Participate or pay: Legislation would allow US employers to require genetic testing of workers

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DNA sequencing A loupe is used to magnify results of automated DNA sequencing displayed on computer monitor. Studio shot.

A little-noticed bill moving through Congress would allow companies to require employees to undergo genetic testing or risk paying a penalty of thousands of dollars, and would let employers see that genetic and other health information.

Giving employers such power is now prohibited by legislation including the 2008 genetic privacy and nondiscrimination law known as GINA. The new bill gets around that landmark law by stating explicitly that GINA and other protections do not apply when genetic tests are part of a “workplace wellness” program.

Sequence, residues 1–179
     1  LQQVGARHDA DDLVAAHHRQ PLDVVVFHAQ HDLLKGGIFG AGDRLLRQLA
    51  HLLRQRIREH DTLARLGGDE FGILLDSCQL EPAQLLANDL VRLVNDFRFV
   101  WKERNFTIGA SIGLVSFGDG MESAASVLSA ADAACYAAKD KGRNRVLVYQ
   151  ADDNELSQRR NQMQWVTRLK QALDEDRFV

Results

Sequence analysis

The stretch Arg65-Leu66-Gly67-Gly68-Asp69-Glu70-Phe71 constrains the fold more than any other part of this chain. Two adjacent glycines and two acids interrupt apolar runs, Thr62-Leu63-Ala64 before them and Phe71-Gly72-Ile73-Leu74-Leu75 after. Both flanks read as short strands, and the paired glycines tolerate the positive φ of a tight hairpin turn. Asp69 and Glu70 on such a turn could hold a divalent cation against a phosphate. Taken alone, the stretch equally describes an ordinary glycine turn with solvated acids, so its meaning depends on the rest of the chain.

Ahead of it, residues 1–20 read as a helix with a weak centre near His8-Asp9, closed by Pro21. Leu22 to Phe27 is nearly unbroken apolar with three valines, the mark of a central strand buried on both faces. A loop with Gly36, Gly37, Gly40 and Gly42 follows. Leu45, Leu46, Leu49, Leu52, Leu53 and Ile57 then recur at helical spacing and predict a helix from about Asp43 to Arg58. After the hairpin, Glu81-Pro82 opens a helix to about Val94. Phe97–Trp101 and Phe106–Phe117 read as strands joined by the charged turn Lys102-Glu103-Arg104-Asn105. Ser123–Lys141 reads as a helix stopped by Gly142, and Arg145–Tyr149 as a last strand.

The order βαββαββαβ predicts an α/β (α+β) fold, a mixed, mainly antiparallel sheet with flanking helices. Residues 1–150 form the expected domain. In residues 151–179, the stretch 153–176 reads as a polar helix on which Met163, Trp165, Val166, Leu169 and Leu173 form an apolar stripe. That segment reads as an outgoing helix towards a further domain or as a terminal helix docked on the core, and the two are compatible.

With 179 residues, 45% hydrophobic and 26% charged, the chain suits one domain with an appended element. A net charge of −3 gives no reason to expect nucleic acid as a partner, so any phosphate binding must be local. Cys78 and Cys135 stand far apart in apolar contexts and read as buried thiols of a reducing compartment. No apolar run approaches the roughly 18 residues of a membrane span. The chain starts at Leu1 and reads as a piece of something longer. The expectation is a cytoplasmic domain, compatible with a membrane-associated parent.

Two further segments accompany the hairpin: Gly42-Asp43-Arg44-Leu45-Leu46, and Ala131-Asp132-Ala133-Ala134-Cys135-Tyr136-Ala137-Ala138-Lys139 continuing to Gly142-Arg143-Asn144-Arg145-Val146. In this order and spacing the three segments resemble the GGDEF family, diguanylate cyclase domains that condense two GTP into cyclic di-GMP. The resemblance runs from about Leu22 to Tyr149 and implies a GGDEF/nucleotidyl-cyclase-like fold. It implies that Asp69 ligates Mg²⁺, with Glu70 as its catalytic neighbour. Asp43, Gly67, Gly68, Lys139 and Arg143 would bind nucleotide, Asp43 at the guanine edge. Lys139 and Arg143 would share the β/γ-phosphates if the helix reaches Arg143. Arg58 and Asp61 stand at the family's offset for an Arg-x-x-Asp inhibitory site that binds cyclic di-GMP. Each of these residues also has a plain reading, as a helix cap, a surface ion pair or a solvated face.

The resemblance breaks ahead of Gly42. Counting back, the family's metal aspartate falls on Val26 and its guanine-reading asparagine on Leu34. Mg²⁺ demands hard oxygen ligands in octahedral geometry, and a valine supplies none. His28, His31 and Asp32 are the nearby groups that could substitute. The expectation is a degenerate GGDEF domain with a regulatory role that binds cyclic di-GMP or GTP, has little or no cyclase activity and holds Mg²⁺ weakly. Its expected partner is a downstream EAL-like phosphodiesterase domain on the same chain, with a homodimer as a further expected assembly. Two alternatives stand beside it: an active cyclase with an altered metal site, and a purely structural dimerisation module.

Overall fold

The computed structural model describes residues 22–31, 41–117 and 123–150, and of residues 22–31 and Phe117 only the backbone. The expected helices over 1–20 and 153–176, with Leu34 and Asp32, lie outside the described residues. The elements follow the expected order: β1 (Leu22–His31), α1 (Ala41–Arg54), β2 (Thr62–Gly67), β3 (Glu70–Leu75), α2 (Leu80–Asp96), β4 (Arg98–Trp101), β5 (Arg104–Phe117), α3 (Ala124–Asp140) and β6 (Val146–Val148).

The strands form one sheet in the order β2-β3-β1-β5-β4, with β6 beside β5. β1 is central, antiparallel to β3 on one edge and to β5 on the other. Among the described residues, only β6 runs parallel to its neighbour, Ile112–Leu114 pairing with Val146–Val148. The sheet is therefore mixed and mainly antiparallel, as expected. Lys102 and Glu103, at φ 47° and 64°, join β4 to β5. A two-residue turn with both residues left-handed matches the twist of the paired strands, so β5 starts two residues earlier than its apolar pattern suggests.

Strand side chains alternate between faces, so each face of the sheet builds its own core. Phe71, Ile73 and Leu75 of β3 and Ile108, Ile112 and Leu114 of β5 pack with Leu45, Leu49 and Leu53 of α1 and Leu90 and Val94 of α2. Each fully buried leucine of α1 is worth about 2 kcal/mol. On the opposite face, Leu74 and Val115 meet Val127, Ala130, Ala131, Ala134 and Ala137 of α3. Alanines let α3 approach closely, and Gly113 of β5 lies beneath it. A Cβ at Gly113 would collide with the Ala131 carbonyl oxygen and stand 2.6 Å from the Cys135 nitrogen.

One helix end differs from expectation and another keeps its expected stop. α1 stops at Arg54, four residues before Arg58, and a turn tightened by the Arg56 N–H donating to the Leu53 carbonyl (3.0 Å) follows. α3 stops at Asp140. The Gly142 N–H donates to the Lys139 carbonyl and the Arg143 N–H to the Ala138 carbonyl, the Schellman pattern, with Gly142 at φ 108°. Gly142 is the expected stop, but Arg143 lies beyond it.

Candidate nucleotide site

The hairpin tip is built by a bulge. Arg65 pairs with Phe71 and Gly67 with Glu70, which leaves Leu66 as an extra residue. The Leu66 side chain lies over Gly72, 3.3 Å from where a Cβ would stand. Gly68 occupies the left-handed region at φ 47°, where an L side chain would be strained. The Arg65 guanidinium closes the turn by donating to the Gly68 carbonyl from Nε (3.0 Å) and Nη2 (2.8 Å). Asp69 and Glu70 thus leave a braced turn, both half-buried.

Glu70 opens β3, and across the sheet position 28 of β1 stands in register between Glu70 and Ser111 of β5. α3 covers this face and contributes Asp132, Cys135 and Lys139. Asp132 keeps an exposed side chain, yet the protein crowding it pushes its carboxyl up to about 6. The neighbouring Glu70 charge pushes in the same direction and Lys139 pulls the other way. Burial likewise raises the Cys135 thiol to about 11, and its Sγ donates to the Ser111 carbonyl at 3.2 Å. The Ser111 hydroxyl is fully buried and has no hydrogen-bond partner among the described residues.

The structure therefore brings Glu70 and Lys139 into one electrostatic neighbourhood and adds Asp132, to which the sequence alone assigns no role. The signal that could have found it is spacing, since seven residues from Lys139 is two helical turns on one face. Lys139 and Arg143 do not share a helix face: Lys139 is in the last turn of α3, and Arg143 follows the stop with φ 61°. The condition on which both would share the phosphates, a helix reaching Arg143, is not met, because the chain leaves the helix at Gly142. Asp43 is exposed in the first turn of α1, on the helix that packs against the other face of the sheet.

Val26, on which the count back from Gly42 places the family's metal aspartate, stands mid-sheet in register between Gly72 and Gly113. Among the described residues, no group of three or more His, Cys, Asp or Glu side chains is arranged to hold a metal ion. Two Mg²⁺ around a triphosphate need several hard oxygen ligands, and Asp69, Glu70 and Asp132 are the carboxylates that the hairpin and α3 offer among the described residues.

The bill, HR 1313, was approved by a House committee, with all 22 Republicans supporting it and all 17 Democrats opposed.

“What this bill would do is completely take away the protections of existing laws,” said Jennifer Mathis, director of policy at the Bazelon Center for Mental Health Law…[However,] Employers say they need the changes because those two landmark laws are “not aligned in a consistent manner” with laws about workplace wellness programs.

Rigorous studies by researchers not tied to the $8 billion wellness industry have shown that [workplace wellness] programs improve employee health little if at all. An industry group recently concluded that they save so little on medical costs that, on average, the programs lose money. But employers continue to embrace them, partly as a way to shift more health care costs to workers, including by penalizing them financially.

The GLP aggregated and excerpted this blog/article to reflect the diversity of news, opinion, and analysis. Read full, original post: House Republicans would let employers demand workers’ genetic test results